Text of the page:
Meet the architect building tiny rowhouses with sushi mats and old watches

Virginia Kerr’s whole perfect gallery, with floor-to-ceiling windows, hardwood floors and a beautiful front door, lives inside a cigar box.

Virginia S. Kerr creates rowhouses in 1:24 scale. (Virginia S. Kerr/litillby_v )

Virginia S. Kerr creates rowhouses in 1:24 scale. (Virginia S. Kerr/litillby_v )

Virginia Kerr always wanted to own a house in Society Hill. A brick rowhouse. She also dreamed of having her paintings exhibited in a gallery.

Now, both those dreams have come true for the Venezuela-born Philadelphia artist, though perhaps on a smaller scale than imagined.

“I thought, why don’t I make my own gallery, and have my own exhibition?” she said.

The track lights above Kerr are trained on a vibrant abstract painting on a white wall.

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The painting is about the size of a matchbox. The track lights no bigger than TicTacs.

The whole perfect gallery, with floor-to-ceiling windows, hardwood floors and a beautiful front door, lives inside a cigar box. It’s the first floor of Kerr’s dream house. Stack two more cigar boxes on top, and you have a typical Philadelphia brick rowhouse outfitted with every last detail.

The painting on the gallery wall is a tiny, exact replica of an oil painting Kerr made years ago. She has created little replicas of many of her big paintings.

Kerr is trained as an architect. She preferred modern houses and buildings until she moved to Philadelphia and discovered its historic homes.

“I came here and I was working in restoration and fell in love,” she said.

Now she’s shifted her career toward building miniature houses on a 1:24 scale.

“That’s how you build models as an architect,” she said.

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By comparison, doll houses are typically on a 1:12 scale. She uses mostly recycled materials. She cuts her bricks from egg cartons with an exacto knife. She paints them, grouts them, paints them again until they have the patina of weathered rowhouse masonry.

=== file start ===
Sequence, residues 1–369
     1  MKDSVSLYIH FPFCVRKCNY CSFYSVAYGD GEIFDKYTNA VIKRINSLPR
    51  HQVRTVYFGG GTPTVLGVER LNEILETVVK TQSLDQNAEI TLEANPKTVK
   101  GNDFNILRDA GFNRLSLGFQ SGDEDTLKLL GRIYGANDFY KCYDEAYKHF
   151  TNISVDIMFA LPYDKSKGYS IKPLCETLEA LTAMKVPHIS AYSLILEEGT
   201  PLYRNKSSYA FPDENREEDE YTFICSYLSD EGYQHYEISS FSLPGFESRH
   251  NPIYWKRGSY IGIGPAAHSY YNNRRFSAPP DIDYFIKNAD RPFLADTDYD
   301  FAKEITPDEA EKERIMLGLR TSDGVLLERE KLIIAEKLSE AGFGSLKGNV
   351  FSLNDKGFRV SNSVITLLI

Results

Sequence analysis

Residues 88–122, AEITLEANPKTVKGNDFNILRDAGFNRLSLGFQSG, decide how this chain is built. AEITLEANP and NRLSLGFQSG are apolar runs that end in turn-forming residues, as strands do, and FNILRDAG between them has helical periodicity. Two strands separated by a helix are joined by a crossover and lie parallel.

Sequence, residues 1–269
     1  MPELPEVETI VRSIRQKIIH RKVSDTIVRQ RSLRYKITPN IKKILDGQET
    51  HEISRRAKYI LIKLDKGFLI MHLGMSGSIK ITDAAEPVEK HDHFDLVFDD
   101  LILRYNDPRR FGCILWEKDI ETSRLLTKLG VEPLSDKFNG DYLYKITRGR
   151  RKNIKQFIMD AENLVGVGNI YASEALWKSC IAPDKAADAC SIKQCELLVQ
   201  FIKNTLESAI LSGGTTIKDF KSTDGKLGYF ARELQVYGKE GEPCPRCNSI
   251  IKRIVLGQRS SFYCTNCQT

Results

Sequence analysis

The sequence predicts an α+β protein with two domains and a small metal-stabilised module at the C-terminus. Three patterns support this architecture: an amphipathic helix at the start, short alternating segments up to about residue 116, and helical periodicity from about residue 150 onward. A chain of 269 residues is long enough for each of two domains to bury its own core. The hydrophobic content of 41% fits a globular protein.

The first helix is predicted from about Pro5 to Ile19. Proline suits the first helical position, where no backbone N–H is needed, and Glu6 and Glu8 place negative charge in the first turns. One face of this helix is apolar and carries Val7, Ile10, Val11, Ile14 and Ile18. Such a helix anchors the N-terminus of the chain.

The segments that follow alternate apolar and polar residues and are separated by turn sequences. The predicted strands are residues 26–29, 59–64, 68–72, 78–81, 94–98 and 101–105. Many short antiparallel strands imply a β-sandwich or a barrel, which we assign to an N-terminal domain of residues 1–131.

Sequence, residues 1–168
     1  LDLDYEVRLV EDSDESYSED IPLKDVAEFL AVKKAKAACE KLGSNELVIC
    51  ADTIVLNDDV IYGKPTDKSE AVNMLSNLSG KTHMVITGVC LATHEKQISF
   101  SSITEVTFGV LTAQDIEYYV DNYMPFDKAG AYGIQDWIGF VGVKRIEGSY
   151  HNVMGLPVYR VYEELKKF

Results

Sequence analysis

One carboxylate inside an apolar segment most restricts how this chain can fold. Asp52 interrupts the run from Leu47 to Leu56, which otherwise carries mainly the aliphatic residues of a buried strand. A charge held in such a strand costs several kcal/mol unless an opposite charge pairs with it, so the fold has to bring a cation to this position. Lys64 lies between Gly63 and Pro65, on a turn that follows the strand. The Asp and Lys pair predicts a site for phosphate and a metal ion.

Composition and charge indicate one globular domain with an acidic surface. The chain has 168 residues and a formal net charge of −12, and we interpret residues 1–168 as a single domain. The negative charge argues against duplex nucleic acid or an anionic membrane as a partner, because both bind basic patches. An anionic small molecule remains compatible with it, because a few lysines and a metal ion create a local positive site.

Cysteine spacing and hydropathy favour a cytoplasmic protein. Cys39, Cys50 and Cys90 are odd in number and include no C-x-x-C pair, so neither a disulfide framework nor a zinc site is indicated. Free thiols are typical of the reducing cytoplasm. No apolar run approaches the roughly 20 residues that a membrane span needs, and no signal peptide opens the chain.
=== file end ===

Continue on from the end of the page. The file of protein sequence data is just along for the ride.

The tiny door brass handle on the gallery? “This is my favorite thing,” Kerr said. She opens a drawer filled with the littlest knobs, springs and gear wheels. “These are the pieces of old watches.”

The intricate, shiny parquet floor is made from pieces of a sushi mat, which Kerr glued together and sanded down.

In another cigar box, Kerr built a kitchen. The backsplash behind the sink looks like a tile mosaic in sparkling shades of blue. It’s made from paint sample cards, which Kerr cut into miniscule pieces.

She also makes all of her own tiny lighting fixtures, and creates the electrical wiring to go with it.

Kerr spent most of her early years in Venezuela. Her family moved a lot when she was a child.

“Before every move, I would survey the house where we lived,” she recalled. She noted down all of the details and made sketches. “And then I would draw a version of that house, how I would like it.”

Kerr said she’s a perfectionist. Building tiny model houses instead of big structures allows her to have more control over every little detail. It also means her work fits easily into her small South Philly apartment. And, she can envision and create with liberty.

“Should I make a deck, a roof deck?” Kerr said about her tiny creation. “A Philadelphia house needs a roof deck.”

Her big dream is to build an entire block of Philadelphia rowhouses at a 1:24 scale, complete with a little urban park in a public square. She’s already training a bonsai tree in her kitchen to be the center piece for that outdoor space.

Despite the hours and hours she spends cutting, painting, and gluing on details with tweezers, Kerr said she won’t have a problem parting ways and selling these pieces.

“I don’t love them once they’re done,” Kerr said. “I don’t want to see them, because I’m done.”

 Maiken Scott’s interview with Virginia Kerr is part of this week’s edition of The Pulse; Man-Made Worlds

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